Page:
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NASCAR-WCUP: Troy Cole: From Firefighter to NASCAR Gas Man

3 June 1998

(Mooresville, N.C.) -- When the Pennzoil Monte Carlo and 40 NASCAR Winston Cup cars roar down pit lane for four tires and fuel each weekend, most pit crew members admit hearing their heart pound or feeling the adrenaline rush through their veins. They know time in the pits means positions on the track and a miscue might lead to personal injury.

"There's a rush you get during a pit stop that's hard to explain," said Pennzoil Gas Man Troy Cole.

He said the rush is almost like that of a fireman who charges into a burning house late at night with the hope of saving a child amid the flames. Few have experienced either feeling, but both are constant emotions in Cole's professional life.

Each weekend when the Pennzoil Monte Carlo visits pit lane, Cole is there to dump two 80-pound cans of fuel into the car before teammates change four tires and send it back on the track. When the race is over, Cole drives the Pennzoil hauler back to North Carolina where he joins colleagues at Charlotte Fire Station #27 fighting nature's most deadly force.

It's been Captain Cole's job for almost 25 years.

"There are a lot of similarities between my two jobs," said the 6'2" Cole in his deep, slow Southern drawl. "In a pit stop you are working together to do everything possible to get the Pennzoil car out of the pit as soon as possible. At the fire you are doing everything you can to get the fire out as soon as possible to save lives and property."

Cole's career with the fire department began in 1973 when the then 21-year-old thought fire fighting "would be a neat thing to do" and the time off would allow him to operate his own tree trimming business. Through the years Cole learned most of the jobs in the department mastering everything from driving the pumper truck to emergency medical procedures as well as ladder rescues.

He's also suffered some of a fireman's worst nightmares. A backdraft once dealt him second-degree burns and a fire he and others couldn't extinguish turned out to be Agent Orange. Cole also tells stories of the late night calls in the dead of winter to burning houses.

"If you were the first one there you would rush in not knowing if anyone was still in there, but if they were in there you didn't know if they were alive or dead," Cole said. "All this time, you are relying on back up companies to get there and start extinguishing the fire."

Cole recalls firefighters dodging exploding drums at a chemical fire and climbing a rescue ladder to save a man from a tall silo. Not all of the station's 60,000 runs were as dramatic. Some included false alarms like the call from a local race shop in 1990 when someone pulled the fire alarm as a prank.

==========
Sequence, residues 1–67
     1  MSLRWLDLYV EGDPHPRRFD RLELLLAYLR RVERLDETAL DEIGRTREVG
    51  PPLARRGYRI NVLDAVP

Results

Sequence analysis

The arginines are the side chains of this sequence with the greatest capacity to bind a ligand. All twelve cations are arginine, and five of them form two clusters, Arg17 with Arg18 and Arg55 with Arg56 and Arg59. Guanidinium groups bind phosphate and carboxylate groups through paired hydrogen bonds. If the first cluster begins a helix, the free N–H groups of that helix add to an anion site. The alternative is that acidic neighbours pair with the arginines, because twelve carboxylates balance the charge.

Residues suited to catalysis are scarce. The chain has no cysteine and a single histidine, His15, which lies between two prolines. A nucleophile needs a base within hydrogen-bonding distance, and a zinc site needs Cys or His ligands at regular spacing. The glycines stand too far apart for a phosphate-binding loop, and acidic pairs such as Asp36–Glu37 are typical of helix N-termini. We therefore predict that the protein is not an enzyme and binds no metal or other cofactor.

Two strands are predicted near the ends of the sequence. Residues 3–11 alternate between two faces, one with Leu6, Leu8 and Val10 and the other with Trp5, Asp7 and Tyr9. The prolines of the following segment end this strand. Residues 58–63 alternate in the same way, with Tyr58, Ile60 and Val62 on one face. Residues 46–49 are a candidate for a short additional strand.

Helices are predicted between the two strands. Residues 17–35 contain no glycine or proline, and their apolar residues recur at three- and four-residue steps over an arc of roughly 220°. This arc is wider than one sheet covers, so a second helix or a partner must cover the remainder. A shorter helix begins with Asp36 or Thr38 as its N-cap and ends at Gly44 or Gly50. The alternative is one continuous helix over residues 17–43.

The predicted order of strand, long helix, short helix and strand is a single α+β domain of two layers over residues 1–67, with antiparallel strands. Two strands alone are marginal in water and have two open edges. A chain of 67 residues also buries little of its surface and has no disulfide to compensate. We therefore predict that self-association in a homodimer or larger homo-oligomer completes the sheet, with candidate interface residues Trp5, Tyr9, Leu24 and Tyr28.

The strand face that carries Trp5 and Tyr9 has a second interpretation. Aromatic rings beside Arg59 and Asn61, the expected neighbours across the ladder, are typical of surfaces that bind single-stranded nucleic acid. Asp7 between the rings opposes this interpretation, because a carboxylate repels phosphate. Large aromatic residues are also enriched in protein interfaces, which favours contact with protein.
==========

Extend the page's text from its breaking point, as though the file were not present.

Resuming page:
After a stern lecture, Cole told the team he was qualified to drive the race hauler and if they ever needed a truck driver to give him a call. A few days later the team asked Cole to drive a truck to the wind tunnel in Detroit. Cole used vacation time for additional trips for the team as well as others in the area. It became a second job.

When Dale Earnhardt Inc. started its Winston Cup team in 1997, Cole drove the team as it raced a limited schedule. When the team went full-time with driver Steve Park in 1998, it selected Cole as the truck driver.

The rigorous demands on a truck driver in the Winston Cup Series made juggling the fire fighting duties back home more and more difficult for Cole. After some long thought he has decided to permanently trade his firefighter's coat for a Pennzoil safety suit and concentrate full time on driving and refueling. Cole's last day with the fire department will be June 29 -- his 25th anniversary.

"When I started this job at the fire department I wanted a good career and something that would let me do what I wanted to do," reflected Cole. "But as I spent more time in it I started seeing how important the job was to everyone. It isn't a job where you are going to hear a lot of thank yous, but it is a job with a lot of self-satisfaction."

Cole's wife Linda and his daughter Elisha, 27, and son Troy II, 25, aren't going to buy the man of the house golf balls and a hammock for his retirement. Cole or "Fireball" as he is known on the CB radio is on the road more than 30 weekends each year logging more than 50,000 miles with long hours and little time at home. But, the rush will remain in his life.

"I wanted something challenging and exciting. Refueling the Pennzoil Monte Carlo as fast as you can in the middle of a race with 40 cars around you is about as exciting as I want to get," Cole said. "And, it's a little safer than going into a burning house at night, I can tell you that."

DEI Team Manager Ty Norris sees an added benefit of Cole's presence.

"It was hard for us to turn down someone like Troy," said Norris. "I think anyone who has done what he has done for 25 years at the fire department has the kind of life experience and skill level we want for people on this Pennzoil team. Plus, we tease him now that he's going to be getting a pension from the fire department we won't have to pay him as much."